DeMar DeRozan-Kawhi Leonard trade: Spurs give former Raptors star chance to become undeniably elite

When DeMar DeRozan dropped by Cox Pavilion in Las Vegas to watch the Toronto Raptors' summer league team last week, it was not unusual. Long before he was a perennial All-Star, DeRozan made this a habit, always showing his support for the franchise -- the one that drafted him, the one he wanted to finish his career with, the one that just traded him on Wednesday -- and its younger players. Over the years, DeRozan invited teammates like Terrence Ross and Norman Powell to early-morning offseason workouts. He might never have been the most vocal leader, but he always tried to set an example. 

For nine years with the Raptors, DeRozan set the standard for work ethic and dedication. He came into the league as a 19-year-old project, known more for his athleticism than an array of Kobe Bryant-like moves in his repertoire. He worked on those moves every summer, mastering his footwork and making subtle improvements until they added up to stardom. Still, questions about his all-around game persisted: Could he ever be the type of player that elevates his teammates, thrives on defense and stretches the floor?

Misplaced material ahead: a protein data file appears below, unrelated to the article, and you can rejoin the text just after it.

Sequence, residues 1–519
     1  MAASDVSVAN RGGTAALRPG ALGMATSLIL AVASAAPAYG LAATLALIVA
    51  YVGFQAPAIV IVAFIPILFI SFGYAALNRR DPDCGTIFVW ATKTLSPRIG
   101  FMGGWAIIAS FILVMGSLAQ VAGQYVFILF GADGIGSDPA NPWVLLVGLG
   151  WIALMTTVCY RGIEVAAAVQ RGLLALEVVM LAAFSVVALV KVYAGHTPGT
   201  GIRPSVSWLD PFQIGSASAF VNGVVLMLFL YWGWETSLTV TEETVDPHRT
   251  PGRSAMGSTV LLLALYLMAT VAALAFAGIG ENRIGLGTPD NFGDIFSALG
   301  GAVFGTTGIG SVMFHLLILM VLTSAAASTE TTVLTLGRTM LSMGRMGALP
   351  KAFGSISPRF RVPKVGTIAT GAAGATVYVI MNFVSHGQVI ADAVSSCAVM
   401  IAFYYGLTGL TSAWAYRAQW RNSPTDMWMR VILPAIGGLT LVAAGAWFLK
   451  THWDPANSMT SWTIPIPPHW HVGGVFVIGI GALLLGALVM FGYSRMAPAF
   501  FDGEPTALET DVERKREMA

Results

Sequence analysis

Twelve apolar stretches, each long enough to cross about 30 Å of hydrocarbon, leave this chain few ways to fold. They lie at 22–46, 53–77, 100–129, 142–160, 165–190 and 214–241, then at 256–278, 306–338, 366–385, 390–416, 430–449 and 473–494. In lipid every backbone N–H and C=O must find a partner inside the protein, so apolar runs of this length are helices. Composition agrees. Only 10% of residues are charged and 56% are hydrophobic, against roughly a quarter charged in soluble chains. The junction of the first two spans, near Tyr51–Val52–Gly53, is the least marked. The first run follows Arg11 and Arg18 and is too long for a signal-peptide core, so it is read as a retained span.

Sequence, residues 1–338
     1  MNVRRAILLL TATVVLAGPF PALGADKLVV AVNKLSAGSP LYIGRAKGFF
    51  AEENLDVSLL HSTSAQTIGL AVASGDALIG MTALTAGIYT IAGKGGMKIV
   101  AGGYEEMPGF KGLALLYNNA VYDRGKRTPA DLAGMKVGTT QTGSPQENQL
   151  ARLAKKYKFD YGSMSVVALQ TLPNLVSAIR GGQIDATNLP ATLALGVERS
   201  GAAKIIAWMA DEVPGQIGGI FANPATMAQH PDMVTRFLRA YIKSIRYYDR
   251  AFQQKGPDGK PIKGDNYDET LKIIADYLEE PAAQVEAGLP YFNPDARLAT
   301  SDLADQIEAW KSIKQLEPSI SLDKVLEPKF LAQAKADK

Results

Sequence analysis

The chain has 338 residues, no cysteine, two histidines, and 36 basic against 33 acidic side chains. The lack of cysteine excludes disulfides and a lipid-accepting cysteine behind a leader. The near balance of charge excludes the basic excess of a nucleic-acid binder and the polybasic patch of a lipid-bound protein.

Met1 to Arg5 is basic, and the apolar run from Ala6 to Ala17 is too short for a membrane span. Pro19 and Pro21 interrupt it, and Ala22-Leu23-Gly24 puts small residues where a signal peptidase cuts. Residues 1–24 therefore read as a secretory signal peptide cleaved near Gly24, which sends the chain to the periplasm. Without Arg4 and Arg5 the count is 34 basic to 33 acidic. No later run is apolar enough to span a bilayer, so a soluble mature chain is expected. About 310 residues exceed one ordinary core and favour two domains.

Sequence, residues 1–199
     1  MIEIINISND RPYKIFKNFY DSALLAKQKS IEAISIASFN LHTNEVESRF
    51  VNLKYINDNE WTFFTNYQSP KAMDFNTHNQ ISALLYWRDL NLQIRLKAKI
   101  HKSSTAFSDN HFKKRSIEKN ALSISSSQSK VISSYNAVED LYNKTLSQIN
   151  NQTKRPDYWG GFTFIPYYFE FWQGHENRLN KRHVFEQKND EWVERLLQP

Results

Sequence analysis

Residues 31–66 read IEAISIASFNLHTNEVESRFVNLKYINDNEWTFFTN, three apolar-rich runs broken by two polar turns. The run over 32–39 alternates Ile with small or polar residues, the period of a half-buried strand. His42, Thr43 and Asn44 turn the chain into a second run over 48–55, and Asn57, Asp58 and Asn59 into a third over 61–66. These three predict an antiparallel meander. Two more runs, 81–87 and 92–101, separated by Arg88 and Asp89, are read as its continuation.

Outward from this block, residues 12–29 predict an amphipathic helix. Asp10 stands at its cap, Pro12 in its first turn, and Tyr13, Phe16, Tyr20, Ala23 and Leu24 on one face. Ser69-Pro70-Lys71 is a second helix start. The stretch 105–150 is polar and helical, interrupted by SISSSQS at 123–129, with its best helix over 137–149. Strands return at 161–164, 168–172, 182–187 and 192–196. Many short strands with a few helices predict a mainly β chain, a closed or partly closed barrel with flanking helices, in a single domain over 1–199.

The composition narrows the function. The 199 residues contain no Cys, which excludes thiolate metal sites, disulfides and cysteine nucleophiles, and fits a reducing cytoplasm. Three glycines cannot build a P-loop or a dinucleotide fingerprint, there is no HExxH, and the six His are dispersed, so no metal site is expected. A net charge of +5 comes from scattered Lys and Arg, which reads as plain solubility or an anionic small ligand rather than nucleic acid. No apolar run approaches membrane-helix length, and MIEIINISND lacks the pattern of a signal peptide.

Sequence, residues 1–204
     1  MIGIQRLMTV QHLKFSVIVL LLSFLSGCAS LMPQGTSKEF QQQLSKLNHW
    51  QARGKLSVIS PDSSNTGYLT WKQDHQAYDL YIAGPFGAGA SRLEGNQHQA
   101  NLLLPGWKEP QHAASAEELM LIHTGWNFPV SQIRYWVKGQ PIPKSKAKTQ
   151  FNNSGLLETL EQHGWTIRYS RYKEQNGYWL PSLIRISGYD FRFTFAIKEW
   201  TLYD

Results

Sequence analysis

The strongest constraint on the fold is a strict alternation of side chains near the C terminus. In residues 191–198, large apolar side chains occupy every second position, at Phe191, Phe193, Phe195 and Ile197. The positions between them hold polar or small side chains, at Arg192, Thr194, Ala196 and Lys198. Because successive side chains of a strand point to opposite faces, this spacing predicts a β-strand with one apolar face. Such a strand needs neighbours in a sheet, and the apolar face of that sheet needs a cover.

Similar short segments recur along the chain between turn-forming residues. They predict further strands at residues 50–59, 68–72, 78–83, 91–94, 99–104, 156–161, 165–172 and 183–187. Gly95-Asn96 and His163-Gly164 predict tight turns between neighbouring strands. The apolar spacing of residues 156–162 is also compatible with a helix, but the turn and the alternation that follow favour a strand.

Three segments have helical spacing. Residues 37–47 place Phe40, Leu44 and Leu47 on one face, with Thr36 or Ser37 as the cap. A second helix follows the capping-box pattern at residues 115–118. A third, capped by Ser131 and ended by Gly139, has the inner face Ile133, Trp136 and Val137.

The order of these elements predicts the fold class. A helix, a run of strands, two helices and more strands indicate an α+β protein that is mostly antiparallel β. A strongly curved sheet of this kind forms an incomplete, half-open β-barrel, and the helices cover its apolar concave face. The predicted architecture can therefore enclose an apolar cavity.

DeRozan has made strides in those areas, particularly the first one, but he is not a finished product. When new Raptors coach Nick Nurse met with him after getting the job, DeRozan barely let him get the words out of his mouth about needing to improve on defense. Asked if DeRozan was ready to be challenged on that end like never before, Nurse said he wouldn't necessarily put it that way, but he saw determination. 

"Here's what I do sense: DeMar wants to get better," Nurse told CBS Sports. "And he knows there's some room to get better. In a number of areas. That's what I sense a lot from him. Just everything, and I'm not saying it's me, I'm just saying he seems re-energized, re-invigorated and re-something. And ready to do something. I just see a different body language, a different tone in his voice and a different twinkle in his eye."

Suddenly, much more is going to be different for DeRozan. With this trade to the San Antonio Spurs, he will be pushed outside his comfort zone, into a tougher conference with all sorts of pressure. And, like at many other stages of his career, there will be plenty of skeptics to quiet.